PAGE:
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Holden Factory

Discussion in 'The Pub' started by Nitro_X, Dec 14, 2015.

  1. monkey

    monkey Donating Member

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    " "There's a growing awareness that the decision to close the car industry was beginning to look like a pretty big mistake," Mr Weatherill said.

    "I think with the low Australian dollar now, I think the circumstances that pertain now, if the decision had been made in this environment I think a very different decision would have been made. "

    You reckon? Who made the decision? Wanker. :banstick:
     
  2. vc commodore

    vc commodore Well-Known Member

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    Holden had 2 shifts running back all those years ago....Day shift and arvo shift 5 days per week. When the down turn occurred, they went to just morning shift 5 days per week.....

    If my memory serves me right, morning shift was from 7ish in the morning to 3ish in the arvo.....the arvo shift then started around 3.30 ish and finished around midnight.

    So what was happening was, the morning shift workers would work 5 days per week, and have the next 5 working days off, at reduced pay, so it didn't effect their acrued holidays or sick leave....The 5 days that the morning shift had off, the arvo shift workers would come in to work the morning shift hours....Same thing happened pay wise as previously mentioned

    The weekends were used by maintenance crews to check things out along the production line.....The down turn in production also effected that crew as well, but unfortunately I'm unsure how they operated

    hope that clarifies things a bit better
     
  3. Grennan

    Grennan Slayer of Stupid Threads

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    Well, you cant rely on the Australian dollar to be this low going forward into the future. Yes given that the dollar stays around the 65c mark the decision might have changed. Its very likely that the dollar goes back to around 80c and the decision becomes much harder again.

    What happens when it jumps 20c in 3 years time? Theyre back in the exact same situation where its a borderline call.

    Long term it was really the only decision they could have made and from a business standpoint you cant continue to make large gambles with billions upon billions of dollars.

    As a pollie, its easy to sit back what, 3 or 4 years on and say well maybe you should have copped those years of operating losses for the chance of the dollar dropping, but theres no guarantees and if he was a shareholder hed be screaming for blood if they did.
     
  4. VS 5.0

    VS 5.0 Well-Known Member

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    Yet Glen Stevens has been preaching to all and sundry that the dollar needed to fall.

    While there is "seperation" (or suppossed to be) between the RBA and govco surely they would have had some idea that the RBA's strategy was to reduce the dollar and therefore make the whole situation more viable, at least in the medium term.

    Delaying the inevitable ? Maybe. Or maybe providing the manufacturers with a wake up call and a timeframe to produce something locally that the greater market wanted rather than destorying the industry completely.

    Unfortunately we will never know.
     
  5. monkey

    monkey Donating Member

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    Yeah 2sides to every coin it just grinds my gears hearing pollies say stuff like that after the fact. We could all see it coming and have probably not been very wise with our tax dollars or long term planning. For the sake of the region i hope that factory keeps making something. Perhaps military vehicles, with the base right next door. Maybe an electric vehicle and advanced engineering hub? I cant recall any ideas been thrown around by the gov but im probably not paying close enough attention like usual.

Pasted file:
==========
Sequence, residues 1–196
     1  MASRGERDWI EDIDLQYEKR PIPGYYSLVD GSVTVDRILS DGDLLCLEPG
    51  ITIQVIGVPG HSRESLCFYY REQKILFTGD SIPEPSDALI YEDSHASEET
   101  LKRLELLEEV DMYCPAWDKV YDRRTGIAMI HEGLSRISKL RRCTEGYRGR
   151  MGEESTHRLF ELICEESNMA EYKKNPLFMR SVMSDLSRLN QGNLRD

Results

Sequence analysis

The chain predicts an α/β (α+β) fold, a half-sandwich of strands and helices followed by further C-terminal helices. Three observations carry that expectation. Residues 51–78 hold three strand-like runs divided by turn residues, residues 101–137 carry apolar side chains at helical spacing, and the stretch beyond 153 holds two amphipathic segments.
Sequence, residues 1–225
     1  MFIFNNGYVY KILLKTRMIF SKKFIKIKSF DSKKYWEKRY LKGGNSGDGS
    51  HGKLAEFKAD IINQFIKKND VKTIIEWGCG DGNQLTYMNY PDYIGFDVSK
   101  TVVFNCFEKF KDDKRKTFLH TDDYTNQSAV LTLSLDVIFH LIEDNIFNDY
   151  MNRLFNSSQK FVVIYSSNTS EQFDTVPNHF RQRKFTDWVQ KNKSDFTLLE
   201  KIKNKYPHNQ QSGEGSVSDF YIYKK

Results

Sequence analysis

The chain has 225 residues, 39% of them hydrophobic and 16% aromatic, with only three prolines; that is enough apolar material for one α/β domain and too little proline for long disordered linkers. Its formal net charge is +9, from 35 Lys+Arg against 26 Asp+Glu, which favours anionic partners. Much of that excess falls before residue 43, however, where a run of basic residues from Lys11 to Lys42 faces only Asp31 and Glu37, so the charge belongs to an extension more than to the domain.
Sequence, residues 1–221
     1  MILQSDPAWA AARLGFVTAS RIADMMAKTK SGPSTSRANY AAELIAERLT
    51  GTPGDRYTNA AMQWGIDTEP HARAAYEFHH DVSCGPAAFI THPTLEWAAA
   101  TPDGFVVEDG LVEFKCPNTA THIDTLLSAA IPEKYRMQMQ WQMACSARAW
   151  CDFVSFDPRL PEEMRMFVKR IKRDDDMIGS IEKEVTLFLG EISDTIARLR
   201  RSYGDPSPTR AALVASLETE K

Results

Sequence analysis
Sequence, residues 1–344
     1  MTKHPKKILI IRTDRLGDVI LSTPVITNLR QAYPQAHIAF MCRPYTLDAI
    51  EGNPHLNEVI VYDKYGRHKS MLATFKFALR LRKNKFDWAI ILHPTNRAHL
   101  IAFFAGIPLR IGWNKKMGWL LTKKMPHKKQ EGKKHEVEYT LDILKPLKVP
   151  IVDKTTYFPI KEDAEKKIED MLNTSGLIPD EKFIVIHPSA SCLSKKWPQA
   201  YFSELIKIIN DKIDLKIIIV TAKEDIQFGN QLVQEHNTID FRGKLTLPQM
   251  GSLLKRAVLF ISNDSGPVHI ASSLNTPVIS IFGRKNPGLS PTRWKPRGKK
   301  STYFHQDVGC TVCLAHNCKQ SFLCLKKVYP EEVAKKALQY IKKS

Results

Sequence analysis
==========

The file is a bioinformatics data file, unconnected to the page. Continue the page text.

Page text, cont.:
6. VS 5.0

    VS 5.0 Well-Known Member

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    Why would you ? They have no idea(s).
     
  7. boingk

    boingk Member

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    Nothing would have stopped it - the multi-billion worth international company (ie GM) pulled the plug. Simple as that. Not financially viable. We did a great job but could not remain competitive due to demand for the type of vehicle unable to be provided, high product material, development and labour costs, outsourcing costs (hi GM) and a host of other reasons.

    Things change.

    Having said all that, GM had headquarters in China from 10 years ago. They know what's going on, and likely relied heavily upon the US bail-out of them deliberately, not purely by chance that 'oh gee we got caught out'. How do you think these multinational conglomerates stay around so long?

    Newsflash - we aren't a third world country, we have some of the highest wages for the base level worker in the world and, apart from being one of the most geographically isolated places in the world, we are also one of the most geographically isolated by distance within our own borders. How many of you have been outside your own state? To more than four states? Yeah, exactly.

    Rant over, it was gonna happen. Remember, we've been driving Chev products for years. Nothing will change in that regard except where they are made.
     
  8. Grennan

    Grennan Slayer of Stupid Threads

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    ...and thats one of the biggest issues.

    How do you force a massive international company to changes its business strategy to suit a small market? GM was always just going to say well stuff you guys at the first sign of the Government putting them under any pressure. GM wanted a way out and they were always going to find it.

    Saying to GM Detroit, you need to change X Y Z to retain local funding, after the US did the same, they wouldve just said you know what, we dont need you.

    Ignoring any other factors like wages, the public wasnt buying the GM products anymore. GMH had no interest in pushing anything other than the Commodore. Has anyone seen anything about an Insignia? Malibu? Cascada? Trax? I havent. Theyve got these products but arent pushing them.
     
  9. Calaber

    Calaber Nil Bastardo Carborundum

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    If you think back to the introduction of the VE, it was touted as the "Billion Dollar Baby". Given that VE production exceeded half a million units and that those enormous development costs have been further amortised during VF production, it would be interesting to know if GM has actually recouped its money post tax and made a profit.